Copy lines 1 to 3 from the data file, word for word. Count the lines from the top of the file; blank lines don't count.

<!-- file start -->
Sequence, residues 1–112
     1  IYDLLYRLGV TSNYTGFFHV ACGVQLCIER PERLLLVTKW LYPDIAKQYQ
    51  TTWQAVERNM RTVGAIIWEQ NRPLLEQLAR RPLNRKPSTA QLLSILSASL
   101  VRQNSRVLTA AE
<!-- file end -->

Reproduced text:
Sequence, residues 1–112
     1  IYDLLYRLGV TSNYTGFFHV ACGVQLCIER PERLLLVTKW LYPDIAKQYQ
    51  TTWQAVERNM RTVGAIIWEQ NRPLLEQLAR RPLNRKPSTA QLLSILSASL